The one shot fired seemed to fully satisfy those who had come to see the tests.
BIG FIRE IN BINGHAMTON.
Four Story Brick Block Goes up in Smoke This Morning.
BINGHAMTON, N. Y., March 23.—The O'Neil block, a four story brick structure, No. 176 Washington street, and running through to State street, was entirely gutted by fire which broke out about three o'clock this morning. The first floor was occupied by Mott E. Boss as a saloon and billiard parlors, the remainder of the building being used as a tenement.
The flames were discovered by a family residing on the third floor and they fled to the street in their night clothes. Their screams aroused the other tenants, but the fire spread so rapidly that they were unable to escape by the stairway and with considerable difficulty they were rescued from the roof by the firemen.
Several bystanders insisted that they had seen a woman in the rooms on the third floor of the burning building facing State-st. and Tillerman Hoag volunteered to look for her. He ascended a ladder through the flame and smoke pouring from the windows and found Mrs. Etta Fancher helpless and almost unconscious. Tying a rope around her waist he lowered her into the arms of the firemen below amid the cheers of the spectators. The woman was taken to the Exchange Hotel and a physician summoned who found that she was terribly burned about the face and limbs, the skin and half-cooked flesh hanging in long shreds.
The fire, which was confined to the building in which it originated, was gotten under control after two hours hard work. The guests in Hotel Bennett which adjoined were all aroused and were prepared to leave the house at a moment's notice. It is impossible yet to estimate the loss.
WHOLE TOWN WIPED OUT.
Fires Started in Five Different Places at Once.
MERIDIAN, MISS., March 23.—The town of Purvis, Miss., on the New Orleans Northeastern R. R., 100 miles south of Meridian, was destroyed by incendiaries Tuesday night. Shortly after midnight the torch was applied to five buildings in different portions of the town, and within two hours almost every store and residence in the place was wiped out. The people ran panic-stricken into the streets and the greatest excitement prevailed. The Western Union Telegraph office was burned, and particulars are meagre, but from the passengers who passed Purvis on a northbound train yesterday afternoon it was learned that the conflagration was the result of a bitter feeling between white people and the negroes, growing out of the arrest of a negro preacher. The negroes fired the town in revenge. A posse of citizens left Meridian for Purvis on a special train late yesterday afternoon.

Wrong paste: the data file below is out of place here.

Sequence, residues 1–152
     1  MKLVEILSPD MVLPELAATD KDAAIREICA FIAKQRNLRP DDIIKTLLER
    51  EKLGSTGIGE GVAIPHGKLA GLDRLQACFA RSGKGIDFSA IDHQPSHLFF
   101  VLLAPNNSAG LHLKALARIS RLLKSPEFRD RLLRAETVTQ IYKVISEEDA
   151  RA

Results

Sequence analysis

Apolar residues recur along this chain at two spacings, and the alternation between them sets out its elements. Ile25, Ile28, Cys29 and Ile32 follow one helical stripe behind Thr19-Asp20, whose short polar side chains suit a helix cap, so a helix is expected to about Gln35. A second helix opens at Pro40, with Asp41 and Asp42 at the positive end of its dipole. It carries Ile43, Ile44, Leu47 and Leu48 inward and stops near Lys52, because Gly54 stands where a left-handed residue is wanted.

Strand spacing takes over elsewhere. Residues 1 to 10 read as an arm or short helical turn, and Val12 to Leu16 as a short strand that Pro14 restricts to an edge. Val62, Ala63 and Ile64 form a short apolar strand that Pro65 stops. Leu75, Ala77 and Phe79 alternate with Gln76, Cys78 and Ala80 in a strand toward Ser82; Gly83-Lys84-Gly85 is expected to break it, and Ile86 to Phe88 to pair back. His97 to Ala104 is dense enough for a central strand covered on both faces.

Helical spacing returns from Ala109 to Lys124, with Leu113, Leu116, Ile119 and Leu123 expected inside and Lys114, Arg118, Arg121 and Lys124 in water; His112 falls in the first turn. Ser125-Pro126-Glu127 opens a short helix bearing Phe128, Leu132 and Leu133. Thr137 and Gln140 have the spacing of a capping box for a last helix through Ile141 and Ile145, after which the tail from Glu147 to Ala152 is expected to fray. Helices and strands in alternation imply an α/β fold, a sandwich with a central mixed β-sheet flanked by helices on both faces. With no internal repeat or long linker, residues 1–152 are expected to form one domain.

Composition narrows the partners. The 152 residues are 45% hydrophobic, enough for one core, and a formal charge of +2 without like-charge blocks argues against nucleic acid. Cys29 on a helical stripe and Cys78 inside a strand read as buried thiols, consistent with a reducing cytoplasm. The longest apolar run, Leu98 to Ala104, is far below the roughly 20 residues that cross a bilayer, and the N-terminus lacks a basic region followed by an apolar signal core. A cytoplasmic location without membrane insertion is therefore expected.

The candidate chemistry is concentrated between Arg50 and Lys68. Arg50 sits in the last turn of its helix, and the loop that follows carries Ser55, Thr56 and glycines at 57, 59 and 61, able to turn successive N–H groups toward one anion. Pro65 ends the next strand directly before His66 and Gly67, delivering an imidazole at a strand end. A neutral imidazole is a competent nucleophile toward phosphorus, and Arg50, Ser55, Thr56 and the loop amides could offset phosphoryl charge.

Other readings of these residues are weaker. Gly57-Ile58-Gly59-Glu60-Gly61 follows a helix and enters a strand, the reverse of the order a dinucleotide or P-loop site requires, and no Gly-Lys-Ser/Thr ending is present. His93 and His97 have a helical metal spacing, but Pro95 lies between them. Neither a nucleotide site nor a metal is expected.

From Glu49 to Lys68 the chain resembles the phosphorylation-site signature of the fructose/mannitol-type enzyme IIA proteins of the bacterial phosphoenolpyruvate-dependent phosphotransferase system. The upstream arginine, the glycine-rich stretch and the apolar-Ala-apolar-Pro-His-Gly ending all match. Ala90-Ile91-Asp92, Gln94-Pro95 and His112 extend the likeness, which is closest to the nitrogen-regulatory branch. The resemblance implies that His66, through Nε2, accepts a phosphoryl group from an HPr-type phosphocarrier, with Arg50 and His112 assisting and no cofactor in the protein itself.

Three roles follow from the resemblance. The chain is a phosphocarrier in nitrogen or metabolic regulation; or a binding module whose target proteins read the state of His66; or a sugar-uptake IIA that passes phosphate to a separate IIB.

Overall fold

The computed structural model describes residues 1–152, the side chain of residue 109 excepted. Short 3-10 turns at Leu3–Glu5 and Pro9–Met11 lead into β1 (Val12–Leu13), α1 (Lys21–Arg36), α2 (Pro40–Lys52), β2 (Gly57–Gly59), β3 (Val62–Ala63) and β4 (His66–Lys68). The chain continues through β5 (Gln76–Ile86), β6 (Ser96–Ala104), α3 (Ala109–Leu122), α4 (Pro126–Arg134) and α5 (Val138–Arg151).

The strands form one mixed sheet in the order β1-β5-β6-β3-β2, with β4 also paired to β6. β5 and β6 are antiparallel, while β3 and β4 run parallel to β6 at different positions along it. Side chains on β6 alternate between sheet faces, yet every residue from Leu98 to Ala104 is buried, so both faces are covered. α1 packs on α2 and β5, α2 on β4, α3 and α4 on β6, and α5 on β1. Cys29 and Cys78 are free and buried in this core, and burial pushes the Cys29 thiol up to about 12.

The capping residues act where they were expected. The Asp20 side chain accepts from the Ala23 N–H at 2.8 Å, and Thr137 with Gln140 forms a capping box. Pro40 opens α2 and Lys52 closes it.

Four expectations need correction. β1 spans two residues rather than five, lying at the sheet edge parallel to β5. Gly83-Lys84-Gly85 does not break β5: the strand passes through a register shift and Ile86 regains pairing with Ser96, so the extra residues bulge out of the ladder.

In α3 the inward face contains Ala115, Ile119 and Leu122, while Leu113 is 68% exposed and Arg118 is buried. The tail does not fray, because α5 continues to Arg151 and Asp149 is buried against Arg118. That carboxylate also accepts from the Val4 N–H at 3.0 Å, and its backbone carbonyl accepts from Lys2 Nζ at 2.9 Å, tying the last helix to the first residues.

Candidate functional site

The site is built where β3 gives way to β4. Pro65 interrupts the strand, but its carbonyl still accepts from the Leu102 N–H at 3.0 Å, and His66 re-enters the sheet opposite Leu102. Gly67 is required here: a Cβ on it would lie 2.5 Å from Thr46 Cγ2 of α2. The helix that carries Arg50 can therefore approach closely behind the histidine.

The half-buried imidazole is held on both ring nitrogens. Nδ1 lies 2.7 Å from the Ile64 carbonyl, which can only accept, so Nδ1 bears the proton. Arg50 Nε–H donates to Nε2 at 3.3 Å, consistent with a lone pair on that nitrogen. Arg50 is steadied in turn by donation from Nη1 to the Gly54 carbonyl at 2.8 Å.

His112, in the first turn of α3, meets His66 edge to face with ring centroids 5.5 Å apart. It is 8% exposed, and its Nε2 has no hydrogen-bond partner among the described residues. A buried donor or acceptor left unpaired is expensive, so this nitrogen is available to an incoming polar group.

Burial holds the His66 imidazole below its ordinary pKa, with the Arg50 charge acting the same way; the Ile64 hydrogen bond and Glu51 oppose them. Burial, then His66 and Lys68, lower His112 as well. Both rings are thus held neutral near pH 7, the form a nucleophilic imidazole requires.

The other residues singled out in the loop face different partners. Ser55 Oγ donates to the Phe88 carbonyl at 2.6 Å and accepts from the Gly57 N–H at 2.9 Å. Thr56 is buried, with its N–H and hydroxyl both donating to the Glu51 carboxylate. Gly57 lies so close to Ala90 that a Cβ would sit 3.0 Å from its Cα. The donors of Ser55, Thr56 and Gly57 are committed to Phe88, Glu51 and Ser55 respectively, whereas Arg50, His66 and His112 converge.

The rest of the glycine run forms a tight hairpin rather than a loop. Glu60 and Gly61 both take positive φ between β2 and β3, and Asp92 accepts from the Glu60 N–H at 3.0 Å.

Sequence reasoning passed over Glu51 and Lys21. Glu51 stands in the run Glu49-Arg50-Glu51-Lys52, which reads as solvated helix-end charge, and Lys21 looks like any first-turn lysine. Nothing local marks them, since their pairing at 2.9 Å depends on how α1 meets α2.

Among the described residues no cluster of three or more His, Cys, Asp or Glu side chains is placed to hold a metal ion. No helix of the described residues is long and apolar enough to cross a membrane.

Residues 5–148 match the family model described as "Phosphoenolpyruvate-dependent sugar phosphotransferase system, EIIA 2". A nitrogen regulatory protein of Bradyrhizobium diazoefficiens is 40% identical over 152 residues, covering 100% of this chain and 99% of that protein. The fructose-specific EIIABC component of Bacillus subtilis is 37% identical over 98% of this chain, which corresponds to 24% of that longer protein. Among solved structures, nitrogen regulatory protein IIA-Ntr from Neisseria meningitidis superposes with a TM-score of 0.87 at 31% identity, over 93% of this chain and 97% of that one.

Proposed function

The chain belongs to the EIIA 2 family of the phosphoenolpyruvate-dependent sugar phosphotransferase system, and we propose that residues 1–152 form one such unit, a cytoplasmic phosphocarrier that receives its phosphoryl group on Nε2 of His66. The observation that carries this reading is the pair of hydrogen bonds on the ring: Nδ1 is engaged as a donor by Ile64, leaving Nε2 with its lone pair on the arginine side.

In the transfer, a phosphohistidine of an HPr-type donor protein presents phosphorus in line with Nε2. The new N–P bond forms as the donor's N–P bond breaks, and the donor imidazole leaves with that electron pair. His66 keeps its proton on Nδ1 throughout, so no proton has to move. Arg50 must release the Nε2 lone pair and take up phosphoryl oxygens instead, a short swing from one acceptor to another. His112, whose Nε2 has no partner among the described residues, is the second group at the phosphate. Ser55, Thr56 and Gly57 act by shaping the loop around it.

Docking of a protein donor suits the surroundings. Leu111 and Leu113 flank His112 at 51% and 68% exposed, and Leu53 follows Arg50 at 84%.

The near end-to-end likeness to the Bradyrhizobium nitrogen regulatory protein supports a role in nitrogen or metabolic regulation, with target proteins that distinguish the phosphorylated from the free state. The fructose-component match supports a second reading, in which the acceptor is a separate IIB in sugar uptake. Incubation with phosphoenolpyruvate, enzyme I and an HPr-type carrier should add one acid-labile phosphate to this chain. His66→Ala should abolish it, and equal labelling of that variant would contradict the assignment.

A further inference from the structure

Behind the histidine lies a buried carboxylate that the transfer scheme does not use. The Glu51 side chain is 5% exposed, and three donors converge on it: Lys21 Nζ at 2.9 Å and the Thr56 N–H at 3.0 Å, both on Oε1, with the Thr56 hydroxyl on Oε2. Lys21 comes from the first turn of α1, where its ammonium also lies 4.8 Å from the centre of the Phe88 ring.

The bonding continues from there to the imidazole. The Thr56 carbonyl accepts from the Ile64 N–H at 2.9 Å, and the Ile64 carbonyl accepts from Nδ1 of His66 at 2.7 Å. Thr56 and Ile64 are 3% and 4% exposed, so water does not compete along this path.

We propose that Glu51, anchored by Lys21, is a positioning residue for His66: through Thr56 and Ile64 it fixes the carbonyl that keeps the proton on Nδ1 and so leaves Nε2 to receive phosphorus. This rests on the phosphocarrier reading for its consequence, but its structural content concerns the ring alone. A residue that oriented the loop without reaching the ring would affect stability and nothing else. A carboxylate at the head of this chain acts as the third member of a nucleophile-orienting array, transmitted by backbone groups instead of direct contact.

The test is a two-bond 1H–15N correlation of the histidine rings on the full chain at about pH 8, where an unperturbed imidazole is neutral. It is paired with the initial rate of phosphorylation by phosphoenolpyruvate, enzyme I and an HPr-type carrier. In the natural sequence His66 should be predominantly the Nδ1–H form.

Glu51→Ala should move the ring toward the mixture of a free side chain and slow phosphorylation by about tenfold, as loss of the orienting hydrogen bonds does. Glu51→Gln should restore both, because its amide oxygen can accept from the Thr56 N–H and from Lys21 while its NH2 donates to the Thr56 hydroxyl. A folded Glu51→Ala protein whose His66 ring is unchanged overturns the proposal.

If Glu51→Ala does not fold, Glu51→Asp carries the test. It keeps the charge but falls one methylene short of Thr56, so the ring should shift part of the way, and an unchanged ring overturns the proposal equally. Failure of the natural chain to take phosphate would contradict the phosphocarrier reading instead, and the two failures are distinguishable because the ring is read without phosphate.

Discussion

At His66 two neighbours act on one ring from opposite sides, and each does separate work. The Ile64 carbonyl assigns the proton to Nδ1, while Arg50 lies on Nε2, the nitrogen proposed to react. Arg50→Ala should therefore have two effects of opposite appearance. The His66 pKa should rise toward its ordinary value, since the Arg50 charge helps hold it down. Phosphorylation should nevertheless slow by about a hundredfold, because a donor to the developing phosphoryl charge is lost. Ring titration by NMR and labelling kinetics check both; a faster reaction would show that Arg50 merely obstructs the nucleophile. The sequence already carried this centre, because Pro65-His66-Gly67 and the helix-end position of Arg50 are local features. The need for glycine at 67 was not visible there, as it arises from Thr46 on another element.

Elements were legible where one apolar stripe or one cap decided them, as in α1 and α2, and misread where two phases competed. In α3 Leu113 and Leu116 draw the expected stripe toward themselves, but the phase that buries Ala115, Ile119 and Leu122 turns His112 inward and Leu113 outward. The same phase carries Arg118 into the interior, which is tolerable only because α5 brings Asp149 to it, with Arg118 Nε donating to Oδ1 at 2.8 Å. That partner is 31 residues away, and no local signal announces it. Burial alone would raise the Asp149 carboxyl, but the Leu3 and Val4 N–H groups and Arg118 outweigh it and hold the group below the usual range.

A Pitiful Sight.
Charlotte M. Burtrans [of Cortland] was taken to the Binghamton asylum for chronic insane on the vestibuled train this morning by Miss Hull and Superintendent Almon W. Angell. She has been insane for some time, the cause assigned being the long continued use of morphine. She has taken the drug for the last twelve years except for a few months seven years ago, when she stopped for a time.
She started for the river last Monday for the purpose of drowning herself, but was restrained. For the last few days she has been calling for a knife with which to cut her throat, saying that nothing but death would relieve her sufferings. It was certainly a pitiful sight at the station this morning to see the poor old lady, her grey hair tumbled, at times excited and again depressed, uttering exclamations and calls for help. She is 67 years of age and is a great sufferer.
Civil Service Examination.
In pursuance of President Harrison's order of January 5, 1893, extending the Civil Service Law to all free delivery post offices, the Civil Service Commission at Washington has ordered that an examination be held at the post office building in this city on Saturday, April 22, 1893, commencing at 9 o'clock A. M., for the grades of clerk, carrier, and messenger in the city post office. Only citizens of the United States can be examined. The age limitations are as follows: For clerk, not under 18 years; for carrier, not under 21 nor over forty; for messenger, stamper, etc., not under 16 nor over 45. No application will be accepted for these examinations unless filed with the undersigned, on the proper blank, before 12 o'clock M., Monday, April 17. For application blanks, instructions, and information relative to the duties and salaries of the different positions apply at the post office to —